Writing as an Art? – Guest Post series

Posted: May 2, 2013 in Details about my books, Writing Stuff
Tags: , , , , , , , , ,

Recently, I stumbled upon a post about writing being art. Sorry I can’t link it to you, but I cannot seem to find it in my search history. Anyways, I want to talk about what I think of writing. I’ve never actually thought of writing as an art. In a lot of ways, I saw writing as something that can be as formulaic as being a contractor. Am I saying that writers and contractors have the same job? Of course not, but that doesn’t mean writers don’t have to jump through some hoops, too.

When it comes to writing, I rely on my gut. I’ve written maybe four posts this week, but I’ve only saved them as drafts. Why? Because I didn’t feel right about them. So, obviously, I don’t think writing is very technical, and a lot of it depends on the writer and him/her alone. To explain to you why I never really thought of writing as an art, I’ll explain to you my regular definition of art.

The first things that pop up on my mind are: Mona Lisa. The Thinker. The Scream.

You know, the normal stuff. Paintings, statues – but I’ve read a lot of posts calling writing one of the highest art forms. I already know that creative writing, in certain (if not all colleges) is part of the Arts program. Or whatever that’s called. But, for some reason, it just never occurred to me that what I was doing was art.

I write. That’s what I call what I do. I may edit, from time to time. I may plot. An artist, though? I guess I’ve always been a bit hesitant to call myself an artist, but I am very curious to hear what other people think. What do other people think writing is? Is it art, or is it completely technical?

A fun example of this, which will flatter people in the former and the latter, is the book-length interview between Francois Truffaut and Alfred Hitchcock. Truffaut basically analyzed, from what I read, the artistic parts of Hitchcock’s films, and sought out the subtext. Hitchcock (again, from what I read) made it all seem technical and… effortless, I guess. So, if you think of yourself as an artist, then you’re in the same category as one of the most critically acclaimed French critics/directors ever. If you belong in the latter, like me, then… well, you get to say you’re in the same category as the guy who made Rear Window!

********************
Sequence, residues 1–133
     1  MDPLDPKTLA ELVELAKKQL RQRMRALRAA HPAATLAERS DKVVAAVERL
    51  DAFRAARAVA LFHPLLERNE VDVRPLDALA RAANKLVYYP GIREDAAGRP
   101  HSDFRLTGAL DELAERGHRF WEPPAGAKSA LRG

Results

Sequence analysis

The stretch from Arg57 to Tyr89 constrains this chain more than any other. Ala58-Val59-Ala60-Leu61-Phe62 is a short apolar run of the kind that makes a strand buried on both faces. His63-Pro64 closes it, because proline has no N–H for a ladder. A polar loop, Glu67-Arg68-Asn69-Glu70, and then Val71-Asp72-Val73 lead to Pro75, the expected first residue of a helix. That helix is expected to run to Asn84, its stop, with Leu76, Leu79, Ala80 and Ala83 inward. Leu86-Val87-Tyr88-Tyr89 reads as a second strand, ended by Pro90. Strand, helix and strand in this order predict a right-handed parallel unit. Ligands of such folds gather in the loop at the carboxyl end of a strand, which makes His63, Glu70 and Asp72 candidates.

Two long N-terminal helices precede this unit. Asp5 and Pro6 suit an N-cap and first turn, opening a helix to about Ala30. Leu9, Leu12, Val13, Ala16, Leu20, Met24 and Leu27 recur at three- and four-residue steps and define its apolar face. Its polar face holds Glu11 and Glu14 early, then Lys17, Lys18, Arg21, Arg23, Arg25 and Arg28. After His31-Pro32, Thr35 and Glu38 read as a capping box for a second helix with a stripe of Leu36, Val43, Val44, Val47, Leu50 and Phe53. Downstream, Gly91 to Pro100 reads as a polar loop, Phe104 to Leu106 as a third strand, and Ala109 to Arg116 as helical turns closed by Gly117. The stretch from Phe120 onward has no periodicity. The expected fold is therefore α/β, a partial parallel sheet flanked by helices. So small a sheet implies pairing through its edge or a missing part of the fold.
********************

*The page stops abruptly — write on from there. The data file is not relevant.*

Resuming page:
It’s a bit of a stretch, but that’s the closest example I can think of. For the next few weeks or even months, I’ll be asking people to do guest posts where they talk about which category they belong to. Do they consider themselves an artist, or are they a techie? (I wish I was a real techie. I can barely use my computer!)

If you’re interested, email me : hunter.nobody@gmail.com

Or comment below that you’re interested and provide an email address.

You can also contact me via Twitter: @Jilliano_Romano

Facebook is also an option: https://www.facebook.com/TheUnsung?fref=ts


Thanks a lot for reading, and hope you hit me up with an email for a guest post!

I’d really appreciate it if you Liked, Commented, and Followed. Hopefully all three.

~J.A. Romano

  1. Erica Dakin says:

    I’ve never really thought about it to be honest… I suppose I’d call it art, since I can’t call it anything else. Also, the good thing about writing as art is that it’s a lot easier to distinguish the good stuff. Someone can chuck a pot of paint at a canvas and call it art, but you can’t just write ‘bicycle pot boil flibberty doogaggle’ and expect people to go mental about how awesome it is.
    (You can probably guess I’m not a fan of modern art.)
    Anyway, I’d be interested in guest posting, if you’ll have me. pluisje at ratauvan.co.uk

  2. MishaBurnett says:

    I wrote a post about writing as art just the other day, was this it?


    • J.A. Romano says:

      Oh, no. But I actually did read your post after writing this call to guest posts. Definitely agree on what you mean about art being entertainment. Sad that I couldn’t get you to write it as a guest post for me before, though. xD

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